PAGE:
May 20, 2014David Nowinsky1 min read
I'm excited everyday I write front-end code with these amazing tools we now have to build client-side apps with pleasure.
I was desperately trying to rationalize my copy and paste activity for selectors in CSS, but that was before LESS saved my life.
I got lost every time in the verbose HTML markup of long web pages, and couldn't stand losing time forgetting closing tags, so Jade felt like a spring cleaning to me.
All these languages (and others like LiveScript, SCSS, etc.) are (unfortunately?) not natively read by browsers we develop for, adding to our test and release process an extra building step.
It's here where tools like Grunt or Brunch were needed, automating this "compilation".
I personally used a lot Brunch as I considered it easier for common tasks in the stack I use, and I really appreciate his usability, and his out of the box behaviour.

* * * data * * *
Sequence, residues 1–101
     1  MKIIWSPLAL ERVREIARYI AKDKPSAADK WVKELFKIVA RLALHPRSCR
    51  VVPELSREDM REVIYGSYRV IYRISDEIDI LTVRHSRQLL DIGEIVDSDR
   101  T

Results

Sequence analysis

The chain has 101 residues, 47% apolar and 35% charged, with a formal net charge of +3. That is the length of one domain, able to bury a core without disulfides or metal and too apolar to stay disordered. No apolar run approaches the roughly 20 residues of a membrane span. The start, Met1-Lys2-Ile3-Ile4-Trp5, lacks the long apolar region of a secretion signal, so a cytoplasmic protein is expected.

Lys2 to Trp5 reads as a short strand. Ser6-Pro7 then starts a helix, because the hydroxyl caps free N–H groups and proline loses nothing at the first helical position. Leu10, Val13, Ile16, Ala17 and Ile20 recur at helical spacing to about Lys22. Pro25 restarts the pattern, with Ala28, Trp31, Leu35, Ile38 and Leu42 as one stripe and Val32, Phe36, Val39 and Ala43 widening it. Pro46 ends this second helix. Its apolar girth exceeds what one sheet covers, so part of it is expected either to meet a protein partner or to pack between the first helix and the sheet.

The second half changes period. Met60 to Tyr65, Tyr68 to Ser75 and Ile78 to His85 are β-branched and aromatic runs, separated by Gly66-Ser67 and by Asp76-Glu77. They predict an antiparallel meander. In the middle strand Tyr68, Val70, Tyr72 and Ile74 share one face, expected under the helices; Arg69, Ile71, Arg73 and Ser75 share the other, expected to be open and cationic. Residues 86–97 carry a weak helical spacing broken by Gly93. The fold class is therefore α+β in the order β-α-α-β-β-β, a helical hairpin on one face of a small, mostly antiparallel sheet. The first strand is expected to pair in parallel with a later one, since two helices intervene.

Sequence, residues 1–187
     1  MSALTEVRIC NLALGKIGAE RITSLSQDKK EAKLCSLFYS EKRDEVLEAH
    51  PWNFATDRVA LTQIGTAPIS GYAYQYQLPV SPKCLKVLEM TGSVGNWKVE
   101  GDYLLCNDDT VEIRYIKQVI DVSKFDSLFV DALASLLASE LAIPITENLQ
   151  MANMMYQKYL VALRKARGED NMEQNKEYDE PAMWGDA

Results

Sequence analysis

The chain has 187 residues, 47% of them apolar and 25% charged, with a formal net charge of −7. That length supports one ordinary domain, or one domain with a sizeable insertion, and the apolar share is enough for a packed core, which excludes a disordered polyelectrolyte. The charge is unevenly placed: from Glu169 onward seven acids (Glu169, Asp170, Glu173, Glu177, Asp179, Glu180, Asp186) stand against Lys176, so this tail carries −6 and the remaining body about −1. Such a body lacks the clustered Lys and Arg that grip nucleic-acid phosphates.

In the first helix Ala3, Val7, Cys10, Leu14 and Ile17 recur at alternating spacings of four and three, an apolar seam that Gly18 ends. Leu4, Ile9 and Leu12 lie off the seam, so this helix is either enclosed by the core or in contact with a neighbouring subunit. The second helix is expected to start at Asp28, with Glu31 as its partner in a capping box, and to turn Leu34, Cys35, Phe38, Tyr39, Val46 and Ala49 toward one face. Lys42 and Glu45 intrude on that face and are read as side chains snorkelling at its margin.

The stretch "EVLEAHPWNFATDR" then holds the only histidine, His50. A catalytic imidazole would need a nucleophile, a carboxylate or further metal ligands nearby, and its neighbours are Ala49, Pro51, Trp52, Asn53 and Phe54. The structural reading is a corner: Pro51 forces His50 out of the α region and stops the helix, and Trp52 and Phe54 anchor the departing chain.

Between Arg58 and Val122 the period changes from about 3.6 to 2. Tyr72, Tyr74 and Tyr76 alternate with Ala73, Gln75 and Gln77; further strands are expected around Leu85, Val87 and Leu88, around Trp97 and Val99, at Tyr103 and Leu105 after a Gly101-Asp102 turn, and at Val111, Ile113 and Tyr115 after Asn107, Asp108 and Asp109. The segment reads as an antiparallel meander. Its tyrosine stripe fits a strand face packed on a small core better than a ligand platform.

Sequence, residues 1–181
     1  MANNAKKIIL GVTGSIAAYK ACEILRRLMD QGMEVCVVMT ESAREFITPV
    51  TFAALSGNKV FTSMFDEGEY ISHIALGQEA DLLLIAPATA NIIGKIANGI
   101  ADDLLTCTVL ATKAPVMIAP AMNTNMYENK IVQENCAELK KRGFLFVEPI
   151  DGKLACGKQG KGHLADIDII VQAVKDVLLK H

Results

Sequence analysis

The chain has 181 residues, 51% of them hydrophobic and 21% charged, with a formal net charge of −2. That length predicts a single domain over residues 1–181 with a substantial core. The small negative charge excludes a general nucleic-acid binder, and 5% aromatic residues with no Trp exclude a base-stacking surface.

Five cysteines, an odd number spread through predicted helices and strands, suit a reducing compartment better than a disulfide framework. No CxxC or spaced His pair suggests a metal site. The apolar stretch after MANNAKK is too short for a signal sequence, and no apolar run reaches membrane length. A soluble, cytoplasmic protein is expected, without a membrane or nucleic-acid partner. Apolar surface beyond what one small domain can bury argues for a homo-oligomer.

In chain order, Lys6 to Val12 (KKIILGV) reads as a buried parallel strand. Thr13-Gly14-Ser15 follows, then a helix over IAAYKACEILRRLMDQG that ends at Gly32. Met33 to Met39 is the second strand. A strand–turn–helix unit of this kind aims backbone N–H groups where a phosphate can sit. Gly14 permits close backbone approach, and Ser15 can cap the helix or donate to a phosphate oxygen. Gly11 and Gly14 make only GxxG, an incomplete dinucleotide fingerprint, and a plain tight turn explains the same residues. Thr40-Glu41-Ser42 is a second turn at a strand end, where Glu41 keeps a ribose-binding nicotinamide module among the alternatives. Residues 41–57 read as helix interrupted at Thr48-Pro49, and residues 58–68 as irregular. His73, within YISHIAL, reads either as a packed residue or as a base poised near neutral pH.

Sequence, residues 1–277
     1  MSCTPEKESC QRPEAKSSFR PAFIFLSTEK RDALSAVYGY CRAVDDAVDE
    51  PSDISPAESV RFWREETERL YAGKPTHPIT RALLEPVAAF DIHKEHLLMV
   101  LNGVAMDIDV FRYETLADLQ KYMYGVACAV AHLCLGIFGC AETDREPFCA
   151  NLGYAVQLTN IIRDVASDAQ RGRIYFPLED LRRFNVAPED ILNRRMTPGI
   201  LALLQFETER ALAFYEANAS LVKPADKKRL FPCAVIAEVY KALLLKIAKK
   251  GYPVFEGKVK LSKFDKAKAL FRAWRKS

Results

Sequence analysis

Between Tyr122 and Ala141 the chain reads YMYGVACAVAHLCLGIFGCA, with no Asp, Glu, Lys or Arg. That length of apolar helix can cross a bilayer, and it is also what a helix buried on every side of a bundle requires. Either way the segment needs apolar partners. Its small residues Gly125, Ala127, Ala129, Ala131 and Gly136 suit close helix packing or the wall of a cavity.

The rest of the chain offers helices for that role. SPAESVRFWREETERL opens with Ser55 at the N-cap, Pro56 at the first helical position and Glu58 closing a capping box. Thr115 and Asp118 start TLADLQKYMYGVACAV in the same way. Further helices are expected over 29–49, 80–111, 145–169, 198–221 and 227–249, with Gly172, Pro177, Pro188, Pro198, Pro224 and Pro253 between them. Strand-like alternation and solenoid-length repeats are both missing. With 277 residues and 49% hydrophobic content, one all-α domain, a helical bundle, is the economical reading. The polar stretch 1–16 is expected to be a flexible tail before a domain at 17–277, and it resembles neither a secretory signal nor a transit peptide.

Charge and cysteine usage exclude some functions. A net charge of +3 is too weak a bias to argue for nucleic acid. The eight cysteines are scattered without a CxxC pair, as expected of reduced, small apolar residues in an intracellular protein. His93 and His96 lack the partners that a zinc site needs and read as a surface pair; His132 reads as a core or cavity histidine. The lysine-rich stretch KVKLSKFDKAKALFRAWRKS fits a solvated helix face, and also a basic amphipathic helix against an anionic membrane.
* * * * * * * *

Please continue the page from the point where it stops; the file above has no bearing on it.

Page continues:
I loved it so much I wrote a kewl skeleton to start prototyping quickly with it.
However, when I tried to use always more plugins to achieve more complex tasks, such as marking assets with a checksum, then adding them in a cache manifest file, I realized the limits of these tools, essentially because they're based on configuration, instead of code.
And then, I discovered Gulp.
As developers, we love code. We'd like to know what's happening deep down when we call some obscure function.
Gulp gets rid of this "black box" approach and proposes a radically different philosophy to create your perfect front-end factory.
I invite you to discover more about Gulp in this gitbook: (http://david.nowinsky.net/gulp-book).
Web Developer at Theodo